What comes after / JoAnne Tompkins.
- ISBN: 9780593085998
- ISBN: 059308599X
- Physical Description: 419 pages ; 24 cm
- Publisher: New York : Riverhead Books, 2021.
- Copyright: ©2021
"In misty, coastal Washington state, Isaac lives alone with his dog, grieving the recent death of his teenage son Daniel. Next door, Lorrie, a working single mother, struggles with a heinous act committed by her own teenage son. Separated by only a silvery stretch of trees, the two parents are emotionally stranded, isolated by their great losses- until an unfamiliar sixteen year-old girl shows up, bridges the gap, and changes everything. Evangeline's arrival at first feels like a blessing, but she is also clearly hiding something. When Isaac, who has retreated into his Quaker faith, isn't equipped to handle her alone, Lorrie forges her own relationship with the girl. Soon all three characters are forced to examine what really happened in their overlapping pasts, and what it all possibly means for a shared future."--Provided by publisher
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|Subject:||Teenagers > Fiction.
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|Genre:||Detective and mystery fiction.
What Comes After : A Novel
From Booklist, Copyright (c) American Library Association. Used with permission.
It begins with the murder of a golden boy, Daniel, by his lifelong best friend, 17-year-old Jonah, who then commits suicide. What comes after? A good deal, starting with the introduction of 16-year-old Evangeline, who is homeless and impoverished, her single-parent mother having abandoned her. Worse, she's pregnant and, tellingly, has known--however briefly--both Daniel and Jonah. Enter Daniel's father, Isaac, a devout Quaker whose wife has left him. He providentially discovers Evangeline bedded down under a tree in his yard and offers her shelter. Finally, there is Lorrie, Jonah's mother and Isaac's neighbor, who reveals a secret that causes a bitter falling-out with Isaac. So, large issues are being considered here: life, death, and religion (Isaac is having a crisis of faith). All of this abundant material is deftly handled by Tompkins, who employs three different and very individual voices to tell her challenging tale: Isaac's and Jonah's stories are told in first person, while Evangeline's is revealed at a remove in third person. The tone? It's almost relentlessly morose and melancholy, but that's not bad; in fact, the novel is very good but emotionally difficult to read. As for the characters: they are examined in microscopic detail, readers coming to know them almost better than they know themselves. Expect some tears before the story ends, but also admire the art that the author brings to this exceptional literary thriller.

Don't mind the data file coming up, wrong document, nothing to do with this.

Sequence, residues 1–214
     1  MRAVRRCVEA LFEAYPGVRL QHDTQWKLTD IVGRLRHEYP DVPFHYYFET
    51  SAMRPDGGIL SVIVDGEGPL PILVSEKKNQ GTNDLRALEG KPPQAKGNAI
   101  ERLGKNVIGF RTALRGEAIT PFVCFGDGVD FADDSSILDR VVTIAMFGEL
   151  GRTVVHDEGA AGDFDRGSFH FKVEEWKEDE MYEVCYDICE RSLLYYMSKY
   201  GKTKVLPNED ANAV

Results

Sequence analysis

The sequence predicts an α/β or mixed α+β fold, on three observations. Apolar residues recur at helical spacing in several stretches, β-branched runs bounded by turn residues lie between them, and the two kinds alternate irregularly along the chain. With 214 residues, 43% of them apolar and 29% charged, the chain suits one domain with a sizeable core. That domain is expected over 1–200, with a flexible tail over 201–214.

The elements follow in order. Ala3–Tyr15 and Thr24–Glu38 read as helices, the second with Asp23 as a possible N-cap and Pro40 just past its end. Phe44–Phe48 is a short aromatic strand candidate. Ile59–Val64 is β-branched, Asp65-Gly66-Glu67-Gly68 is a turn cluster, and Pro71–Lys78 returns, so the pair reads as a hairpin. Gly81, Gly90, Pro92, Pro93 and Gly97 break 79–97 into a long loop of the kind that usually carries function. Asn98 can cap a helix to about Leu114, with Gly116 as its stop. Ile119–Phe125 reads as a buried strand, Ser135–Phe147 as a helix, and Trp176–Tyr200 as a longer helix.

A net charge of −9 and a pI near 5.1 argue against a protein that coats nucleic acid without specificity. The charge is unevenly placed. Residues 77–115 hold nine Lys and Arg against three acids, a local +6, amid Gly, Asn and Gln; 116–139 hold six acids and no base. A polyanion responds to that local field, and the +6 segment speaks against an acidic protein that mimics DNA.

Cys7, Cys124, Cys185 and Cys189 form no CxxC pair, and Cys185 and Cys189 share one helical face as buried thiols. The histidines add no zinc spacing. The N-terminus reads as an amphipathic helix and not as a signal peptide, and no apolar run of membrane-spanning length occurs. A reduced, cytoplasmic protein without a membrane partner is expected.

Publishers Weekly Review
What Comes After : A Novel
(c) Copyright PWxyz, LLC. All rights reserved
Tompkins's intense debut blends a mystery and a depiction of a Quaker community's psychological processing of grief after the death of two teenage boys. Daniel Balch is killed by his childhood friend and next-door neighbor, Jonah Geiger, who then dies by suicide. In the aftermath, Daniel's father, Isaac, a teacher at the high school, takes in an abandoned pregnant 16-year-old girl, Evangeline McKensey, and later wonders if either Jonah or Daniel was the father. Meanwhile, Jonah's widowed mother, Lorrie, helps Isaac with Evangeline, and Isaac's friend and high school principal, Peter Thibodeau, worries about what it would mean for the truth to come out about the pregnancy. Tompkins slowly and tantalizingly draws out the details as Isaac struggles with his faith. Chapters from Jonah's point of view can be wrenching, especially when he reflects on good versus evil and his experiences in Quaker meetings, but at other times they fall flat and feel overstuffed with exposition. Tompkins's strong point is in deepening the emotional complexities of each character's actions with well-placed backstory, as with Lorrie's and Peter's involvement in the stories of Jonah and Evangeline. While anger, loss, and grief dominate the characters' lives, forgiveness and connection ease the pain. At its best, this illuminates the limits of faith when facing the darker corners of human behavior. (Apr.)